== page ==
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The Golden Triangle (สามเหลี่ยมทองคำ Saam Liam Thong Kham) is in Chiang Rai Province, in the far north of Thailand. The name was coined in the 1960s to refer to the opium-cultivating regions of Laos, Myanmar and Thailand but nowadays the northern Thai tourism industry uses it to refer to the tripoint where the three countries meet. Locals call this spot Sop Ruak, since this is where the Mekong meets the Ruak River.


The confluence of the Mekong and the Ruak in the dry season: the foreground is Thailand, the sandbar is Myanmar and the opposite bank is Laos.

Historically the Golden Triangle has been an area well-known for the growing of opium, and the name comes from a US State Department memo on the practice. These days, though, the place lives on the cultivation of tourists, and this is undoubtedly the largest tourist trap in northern Thailand.

The landscape is hilly, divided by the Ruak River that flows into the Mekong (Mae Khong) River. These rivers form a natural boundary between the three countries Laos (to the east of the Mekong), Myanmar (to the north of the Ruak), and Thailand (to the west of the Mae Khong).

Get in[edit]

Most people seem to come here on guided bus tours. For independent travellers, blue songthaews run through the Golden Triangle from Mae Sai (45 min, 40 baht) to Chiang Saen (15 min, 20 baht) and back again every 20 minutes or so until around 15:00. If you miss the last songthaew, you will be at the mercy of the tuk-tuk and motorcycle taxi drivers who will charge around 70 baht for the 10 km trip from the Golden Triangle to Chiang Saen.

Get around[edit]

Map of Golden Triangle (Thailand)

Boats can be hired to view scenery around the golden triangle from Sop Ruak along the Mekong River to Chiang Saen and Chiang Khong which takes around 40 minutes and one and a half hours respectively.


Buddha statue next to the Mekong River
The treasure ship the Buddha is seated on

The main area is the Thai riverside near the point where the rivers meet, which, in the dry season, when the Mekong runs low, is even marked by a handy sandbar. This in itself is pretty anticlimactic, so a series of increasingly bizarre attractions have been erected by the riverside to make up for it: there's a giant golden Buddha on a ship, elephant statues where you can clamber to pose atop a palanquin (in exchange for a donation, of course), elaborate shrines to the royal family, half a dozen signs stating that yes, this really is the Golden Triangle and, inevitably, river cruise touts, souvenir shops and Western-style cafes.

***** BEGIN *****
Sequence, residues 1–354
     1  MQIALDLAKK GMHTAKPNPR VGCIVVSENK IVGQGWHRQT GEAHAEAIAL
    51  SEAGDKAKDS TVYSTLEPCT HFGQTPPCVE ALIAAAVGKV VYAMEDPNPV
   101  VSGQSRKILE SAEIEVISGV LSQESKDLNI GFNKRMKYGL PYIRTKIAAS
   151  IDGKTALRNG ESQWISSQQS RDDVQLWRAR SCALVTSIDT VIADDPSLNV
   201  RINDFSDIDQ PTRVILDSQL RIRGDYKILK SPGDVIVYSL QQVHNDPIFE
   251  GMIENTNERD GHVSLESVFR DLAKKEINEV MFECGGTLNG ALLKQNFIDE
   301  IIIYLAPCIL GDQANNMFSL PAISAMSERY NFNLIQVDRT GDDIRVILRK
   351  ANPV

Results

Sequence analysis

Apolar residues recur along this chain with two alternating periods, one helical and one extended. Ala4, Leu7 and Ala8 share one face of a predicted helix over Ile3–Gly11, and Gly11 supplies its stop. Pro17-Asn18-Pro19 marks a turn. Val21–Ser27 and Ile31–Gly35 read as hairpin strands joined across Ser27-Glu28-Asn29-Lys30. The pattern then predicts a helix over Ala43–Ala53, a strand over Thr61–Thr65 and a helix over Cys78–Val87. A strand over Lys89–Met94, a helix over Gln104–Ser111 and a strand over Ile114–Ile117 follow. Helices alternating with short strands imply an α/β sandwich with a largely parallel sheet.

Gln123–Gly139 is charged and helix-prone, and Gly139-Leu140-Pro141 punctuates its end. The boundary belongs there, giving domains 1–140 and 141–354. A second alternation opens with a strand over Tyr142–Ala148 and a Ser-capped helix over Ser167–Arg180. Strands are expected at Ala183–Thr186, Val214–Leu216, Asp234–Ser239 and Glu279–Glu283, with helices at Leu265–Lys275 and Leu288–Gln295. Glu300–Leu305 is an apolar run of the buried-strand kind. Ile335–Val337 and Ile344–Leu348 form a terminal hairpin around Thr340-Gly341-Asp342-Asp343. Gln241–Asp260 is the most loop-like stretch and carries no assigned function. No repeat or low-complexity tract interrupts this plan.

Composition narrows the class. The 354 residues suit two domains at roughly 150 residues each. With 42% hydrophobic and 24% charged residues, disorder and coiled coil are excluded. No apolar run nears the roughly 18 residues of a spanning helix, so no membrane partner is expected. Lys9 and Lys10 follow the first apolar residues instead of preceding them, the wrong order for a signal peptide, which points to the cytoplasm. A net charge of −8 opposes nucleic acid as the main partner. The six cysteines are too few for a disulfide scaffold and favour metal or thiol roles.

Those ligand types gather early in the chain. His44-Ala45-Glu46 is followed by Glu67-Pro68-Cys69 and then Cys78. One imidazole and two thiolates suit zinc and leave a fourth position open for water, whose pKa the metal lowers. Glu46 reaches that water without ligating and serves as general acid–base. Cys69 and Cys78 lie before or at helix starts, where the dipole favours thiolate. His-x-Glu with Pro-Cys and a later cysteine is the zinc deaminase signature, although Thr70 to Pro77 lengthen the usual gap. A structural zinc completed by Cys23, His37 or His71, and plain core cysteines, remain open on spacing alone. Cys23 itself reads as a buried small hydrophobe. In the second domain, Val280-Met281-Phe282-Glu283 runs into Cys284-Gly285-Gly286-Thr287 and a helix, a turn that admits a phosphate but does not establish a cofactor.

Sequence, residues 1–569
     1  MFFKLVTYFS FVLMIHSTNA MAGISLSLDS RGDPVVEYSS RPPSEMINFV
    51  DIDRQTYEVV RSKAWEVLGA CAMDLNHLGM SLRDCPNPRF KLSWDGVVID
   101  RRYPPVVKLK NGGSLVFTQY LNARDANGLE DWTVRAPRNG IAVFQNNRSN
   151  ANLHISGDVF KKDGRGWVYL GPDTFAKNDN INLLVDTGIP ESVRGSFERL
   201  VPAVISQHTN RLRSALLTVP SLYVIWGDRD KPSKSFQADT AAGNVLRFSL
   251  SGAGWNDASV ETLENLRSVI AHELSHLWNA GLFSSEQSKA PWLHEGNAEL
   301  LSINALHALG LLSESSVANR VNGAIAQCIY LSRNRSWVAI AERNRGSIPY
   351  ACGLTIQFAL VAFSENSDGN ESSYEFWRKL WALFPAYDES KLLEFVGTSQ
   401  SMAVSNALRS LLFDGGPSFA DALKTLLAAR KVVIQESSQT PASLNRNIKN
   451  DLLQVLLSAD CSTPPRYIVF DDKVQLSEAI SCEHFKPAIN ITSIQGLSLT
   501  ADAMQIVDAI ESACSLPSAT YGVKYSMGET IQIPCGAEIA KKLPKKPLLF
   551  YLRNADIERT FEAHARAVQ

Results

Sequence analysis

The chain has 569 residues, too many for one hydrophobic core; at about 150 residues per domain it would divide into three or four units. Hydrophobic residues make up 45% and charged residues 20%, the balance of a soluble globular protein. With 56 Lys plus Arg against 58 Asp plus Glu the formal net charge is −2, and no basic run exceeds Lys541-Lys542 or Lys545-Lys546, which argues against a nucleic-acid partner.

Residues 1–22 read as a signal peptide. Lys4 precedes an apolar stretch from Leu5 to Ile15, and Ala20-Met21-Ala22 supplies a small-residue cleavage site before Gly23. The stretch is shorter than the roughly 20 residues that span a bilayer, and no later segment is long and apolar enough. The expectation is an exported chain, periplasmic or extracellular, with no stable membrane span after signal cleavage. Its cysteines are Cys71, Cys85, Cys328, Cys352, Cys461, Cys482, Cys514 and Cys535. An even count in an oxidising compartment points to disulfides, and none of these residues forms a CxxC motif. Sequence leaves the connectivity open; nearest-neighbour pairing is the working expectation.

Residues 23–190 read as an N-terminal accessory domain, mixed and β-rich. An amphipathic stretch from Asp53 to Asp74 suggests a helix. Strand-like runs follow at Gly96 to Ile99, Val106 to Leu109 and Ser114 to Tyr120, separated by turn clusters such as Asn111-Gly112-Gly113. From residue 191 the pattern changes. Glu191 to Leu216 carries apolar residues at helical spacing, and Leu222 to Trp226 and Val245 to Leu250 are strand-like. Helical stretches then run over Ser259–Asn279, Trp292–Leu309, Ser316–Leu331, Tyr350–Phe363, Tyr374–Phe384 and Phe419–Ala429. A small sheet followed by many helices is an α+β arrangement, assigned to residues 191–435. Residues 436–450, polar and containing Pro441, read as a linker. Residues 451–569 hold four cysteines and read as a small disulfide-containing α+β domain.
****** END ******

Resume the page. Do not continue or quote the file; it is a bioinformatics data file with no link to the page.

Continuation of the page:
The valley of the Hall of Opium
  • 1 Hall of Opium, Golden Triangle Park (หอฝิ่นอุทยานสามเหลี่ยมทองคำ), Moo 1, Ban Sop Ruak, Wiang (around 2 km north of center, on the way to Mae Sai), +66 53 784444-6. Tu-Su, 08:30-16:30. One of the best museums in all Thailand and almost certainly the most interesting place to visit in the Golden Triangle, the Hall of Opium exhibits the history of opium around the world and in the area, the process of production, the effects of opium smoking and campaigns to eradicate and substitute the crop. There's even a tiny opium plantation inside! The hall describes itself as "edutainment", and indeed this is something of an opium theme park, with the latest in snazzy multimedia exhibits and lots of subtle hectoring about the evils of addiction. To their credit they don't whitewash Thailand's own history at all and even the CIA's exploits are covered in detail. Popular with tour groups and school children. Run by the royal Doi Tung Foundation, with profits going to charity. 200/150 baht foreigners/Thai.
  • 2 House of Opium, 212 Moo 1, Ban Sop Ruak, Wiang. 07:00-19:00. A privately-run museum, associated with a souvenir shop, it is unrelated to and much smaller than the hall and lacks their sophisticated presentation. Lots of opium paraphernalia and information on the production process from beginning to end. 50 baht.
  • Phra That Doi Pu Khao (พระธาตุดอยปูเข้า) (On the hill just before the Golden Triangle). Believed to have been built by a king of Wiang Hirannakhon Ngoen Yang in mid-8th century. Remains of antiquities are in the Viharn with crumbled chedis.


  • Take a photo at the gate marking the Golden Triangle.
  • Go on a boat ride across to a small island named Don Sao, belonging to Laos. No visa for Laos is required to make this trip. This is popular among tourists, and many small boats offer this service. The island is in Laos, and should you be so inclined you could claim to have visited the country, although you are not allowed to enter into the rest of Laos from there without a visa.


There are a number of scruffy bamboo-built cafes as you come in from the north, and then a chain of largely identical-looking cafes and restaurants along the riverside promenade.

  • Sriwan (Opposite Imperial Hotel). Clean, friendly and tasty restaurant on the riverbank, offering a wide menu of all the usual Thai and Western dishes. Noodle and rice dishes start from 40 baht. 100 baht.



A sprawl of guesthouses and hotels has popped up on the Thai side of the river. However, better accommodations can be found in Chiang Saen, Chiang Khong and Chiang Rai, and most visitors choose to visit as a day-trip.

Stay safe[edit]

Go next[edit]

Golden Triangle (Southeast Asia)

This city travel guide to Golden Triangle is a usable article. It has information on how to get there and on restaurants and hotels. An adventurous person could use this article, but please feel free to improve it by editing the page.